In the July-September quarter, Infosys reported a net profit of $519 million, up 1.6 % from the same period last year. Revenue saw an 8.7 % surge to reach $2.39 billion, while a 6% sequential increase exceeded the forecasted 4-4.5 % growth.

The net profit in rupee terms increased by 9.8%, amounting to Rs.3,398 crore, while the revenue rose at a rate of 17.2% to Rs.15,635 crore compared to last year.

The declaration came in at 9:18 AM, three minutes after trade started, and the trader successfully finished their deal at the same time.

The 1140 CE traded at 55/- with implied volatility dropping to 28%, and the 1140 PE was sold at 20/- with its implied volatility slumping to 40%.

Take note: The Call option rose more slowly than the Put option fell, for a total premium of 75 a lot. His reward was 20 points per lot.

I’m confident this trader has some experience, which is clear from the trade’s construction. If I were to perform this trade, I would likely adopt a very similar approach.

 – Infosys Q2 aftermath (fundamentals based)

This trade was executed by a fellow from Mumbai whom I am personally acquainted with. His fundamental analysis skills are quite remarkable, and now he is exploring the possibilities of options trading – combining his knowledge with this new form of investing. It will be fascinating to observe where this journey takes him.

Here is the background to the trade –

Infosys recently announced an impressive set of figures, however the stock on 12th Oct saw a 5% dip, with a further 1% drop the following day.

After further digging, he concluded that the dip in the stock was far greater than anticipated because of Infosys reducing their revenue guidance. This was a sensible analysis on their part, but he felt that the market had already taken it into account. Nonetheless, the 6% decrease was still higher than what one might have predicted given all this information.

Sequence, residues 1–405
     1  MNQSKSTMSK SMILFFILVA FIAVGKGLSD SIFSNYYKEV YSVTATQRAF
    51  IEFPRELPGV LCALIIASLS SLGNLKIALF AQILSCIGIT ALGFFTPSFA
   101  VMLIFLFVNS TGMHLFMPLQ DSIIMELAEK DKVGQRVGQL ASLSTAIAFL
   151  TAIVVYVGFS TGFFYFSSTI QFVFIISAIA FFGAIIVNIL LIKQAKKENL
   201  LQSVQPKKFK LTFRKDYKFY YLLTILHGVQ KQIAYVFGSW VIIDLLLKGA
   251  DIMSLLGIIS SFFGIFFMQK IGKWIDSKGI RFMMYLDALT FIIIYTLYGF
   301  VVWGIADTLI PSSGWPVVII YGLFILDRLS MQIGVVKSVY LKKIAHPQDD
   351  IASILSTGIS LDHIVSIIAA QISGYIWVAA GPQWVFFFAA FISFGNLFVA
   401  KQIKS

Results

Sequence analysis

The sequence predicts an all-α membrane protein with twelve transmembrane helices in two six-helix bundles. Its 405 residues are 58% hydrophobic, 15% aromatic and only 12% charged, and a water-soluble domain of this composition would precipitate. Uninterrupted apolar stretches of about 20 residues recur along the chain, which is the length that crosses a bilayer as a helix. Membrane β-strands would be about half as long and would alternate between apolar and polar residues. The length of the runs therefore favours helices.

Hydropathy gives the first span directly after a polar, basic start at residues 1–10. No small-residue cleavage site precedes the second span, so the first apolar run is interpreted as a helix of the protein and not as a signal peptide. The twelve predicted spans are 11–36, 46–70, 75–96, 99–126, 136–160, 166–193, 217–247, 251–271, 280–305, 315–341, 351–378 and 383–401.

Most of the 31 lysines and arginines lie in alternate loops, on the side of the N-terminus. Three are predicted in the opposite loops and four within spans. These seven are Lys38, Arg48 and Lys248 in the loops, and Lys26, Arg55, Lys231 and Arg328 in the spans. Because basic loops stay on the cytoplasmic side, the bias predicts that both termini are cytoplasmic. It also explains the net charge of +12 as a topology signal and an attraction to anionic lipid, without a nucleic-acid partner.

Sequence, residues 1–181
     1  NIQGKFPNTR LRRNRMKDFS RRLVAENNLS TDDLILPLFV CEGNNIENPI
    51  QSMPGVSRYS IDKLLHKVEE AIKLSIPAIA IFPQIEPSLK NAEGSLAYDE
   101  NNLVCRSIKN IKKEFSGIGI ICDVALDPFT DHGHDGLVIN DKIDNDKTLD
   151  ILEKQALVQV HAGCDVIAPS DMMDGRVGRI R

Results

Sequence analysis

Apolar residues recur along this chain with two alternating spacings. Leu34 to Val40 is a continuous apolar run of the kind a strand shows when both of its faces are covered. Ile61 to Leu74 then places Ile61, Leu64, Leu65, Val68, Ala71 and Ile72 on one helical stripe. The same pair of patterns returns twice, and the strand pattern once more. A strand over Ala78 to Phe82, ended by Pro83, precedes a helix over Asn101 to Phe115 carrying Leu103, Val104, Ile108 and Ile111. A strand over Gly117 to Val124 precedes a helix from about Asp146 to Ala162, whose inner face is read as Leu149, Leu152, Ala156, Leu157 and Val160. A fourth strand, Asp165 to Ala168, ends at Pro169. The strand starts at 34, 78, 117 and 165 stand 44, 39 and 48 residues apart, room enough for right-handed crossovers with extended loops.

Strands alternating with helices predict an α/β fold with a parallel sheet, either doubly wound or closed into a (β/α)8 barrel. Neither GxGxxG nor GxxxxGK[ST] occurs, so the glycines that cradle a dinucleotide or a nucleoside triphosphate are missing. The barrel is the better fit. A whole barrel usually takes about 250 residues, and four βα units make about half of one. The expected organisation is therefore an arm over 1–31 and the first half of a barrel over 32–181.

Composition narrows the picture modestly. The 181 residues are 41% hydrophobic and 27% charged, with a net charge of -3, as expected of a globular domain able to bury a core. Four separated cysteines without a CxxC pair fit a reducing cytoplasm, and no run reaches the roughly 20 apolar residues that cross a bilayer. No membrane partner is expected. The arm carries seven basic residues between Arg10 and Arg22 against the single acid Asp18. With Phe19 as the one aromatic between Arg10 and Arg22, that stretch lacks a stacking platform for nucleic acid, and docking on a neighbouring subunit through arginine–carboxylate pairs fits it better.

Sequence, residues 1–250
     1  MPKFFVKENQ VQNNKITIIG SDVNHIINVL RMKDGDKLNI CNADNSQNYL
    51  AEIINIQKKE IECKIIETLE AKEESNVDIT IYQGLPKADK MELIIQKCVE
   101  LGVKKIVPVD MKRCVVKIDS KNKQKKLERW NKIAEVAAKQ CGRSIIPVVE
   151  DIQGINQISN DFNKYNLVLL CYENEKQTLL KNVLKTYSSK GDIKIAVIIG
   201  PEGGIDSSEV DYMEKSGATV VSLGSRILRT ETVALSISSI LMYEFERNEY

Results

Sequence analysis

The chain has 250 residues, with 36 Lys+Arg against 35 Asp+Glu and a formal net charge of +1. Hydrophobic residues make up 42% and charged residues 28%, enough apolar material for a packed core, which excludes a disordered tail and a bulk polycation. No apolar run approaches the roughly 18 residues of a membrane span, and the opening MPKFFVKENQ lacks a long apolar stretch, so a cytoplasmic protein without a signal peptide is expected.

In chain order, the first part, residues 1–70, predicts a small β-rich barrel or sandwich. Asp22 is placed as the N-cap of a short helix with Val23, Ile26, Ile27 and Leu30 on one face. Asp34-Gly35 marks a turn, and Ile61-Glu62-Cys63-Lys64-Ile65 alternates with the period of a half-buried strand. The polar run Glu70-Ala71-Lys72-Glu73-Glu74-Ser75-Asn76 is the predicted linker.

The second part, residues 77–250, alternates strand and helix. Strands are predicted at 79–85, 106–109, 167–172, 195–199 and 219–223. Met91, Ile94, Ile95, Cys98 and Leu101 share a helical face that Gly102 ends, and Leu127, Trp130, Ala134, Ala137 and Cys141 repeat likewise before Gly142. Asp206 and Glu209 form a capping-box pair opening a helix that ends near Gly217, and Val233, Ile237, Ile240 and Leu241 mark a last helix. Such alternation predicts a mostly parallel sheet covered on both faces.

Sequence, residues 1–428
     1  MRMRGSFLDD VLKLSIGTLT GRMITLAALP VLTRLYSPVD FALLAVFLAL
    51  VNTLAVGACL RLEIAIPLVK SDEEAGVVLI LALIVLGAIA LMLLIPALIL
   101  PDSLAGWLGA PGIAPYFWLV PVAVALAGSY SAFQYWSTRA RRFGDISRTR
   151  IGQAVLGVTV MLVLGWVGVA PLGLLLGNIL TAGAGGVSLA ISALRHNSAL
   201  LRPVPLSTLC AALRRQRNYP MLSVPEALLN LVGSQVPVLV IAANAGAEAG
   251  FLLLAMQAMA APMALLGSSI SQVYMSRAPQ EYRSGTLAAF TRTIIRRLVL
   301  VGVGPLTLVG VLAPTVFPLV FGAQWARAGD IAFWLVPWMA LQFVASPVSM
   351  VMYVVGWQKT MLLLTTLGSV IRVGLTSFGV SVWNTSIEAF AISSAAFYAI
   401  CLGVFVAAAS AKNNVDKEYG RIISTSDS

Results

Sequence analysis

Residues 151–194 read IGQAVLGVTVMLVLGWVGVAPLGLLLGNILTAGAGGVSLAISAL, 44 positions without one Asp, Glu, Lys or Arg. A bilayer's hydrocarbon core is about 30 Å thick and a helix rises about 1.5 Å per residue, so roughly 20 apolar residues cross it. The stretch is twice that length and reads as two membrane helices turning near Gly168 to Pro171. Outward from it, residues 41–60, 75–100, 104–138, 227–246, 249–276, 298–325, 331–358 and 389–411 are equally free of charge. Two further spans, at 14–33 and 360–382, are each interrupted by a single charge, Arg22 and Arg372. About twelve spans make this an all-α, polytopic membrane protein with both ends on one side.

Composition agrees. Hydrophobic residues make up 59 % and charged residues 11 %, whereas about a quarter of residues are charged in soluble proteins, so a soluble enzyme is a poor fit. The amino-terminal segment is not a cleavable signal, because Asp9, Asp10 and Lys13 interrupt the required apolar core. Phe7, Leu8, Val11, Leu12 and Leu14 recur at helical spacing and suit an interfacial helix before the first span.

He was positive that the market had severely overreacted to the guidance, and had not considered the good aspects of the results.

He was convinced that, when both good and bad news were provided together, the market would always respond more strongly to the negative. This was demonstrated in Infosys’ case.

He went long on a call option, expecting the market would eventually respond to the second quarter results.

He opted to acquire Infosys’s 1100 CE at 18.9/- which was slightly OTM. His plan was to keep the investment active until the 1100 strike moved into ITM. He was ready to face a risk of Rs.8.9/- on this venture, meaning that if the premium dipped to Rs.10, he would be closing the trade with a loss.

Once the transaction was completed, the stock recovered, allowing him to close the deal on 21st October.

He more than doubled his money on this trade. It was certainly a lucrative move!

Realizing the logic behind the trade was built using comprehension of financial statements, business basics, and options theory is key.

In terms of this trade, I’m fairly confident in making naked trades. The entry was logical, however, the exit and stoploss weren’t. Due to the long expiry period, I would have risked with more OTM options.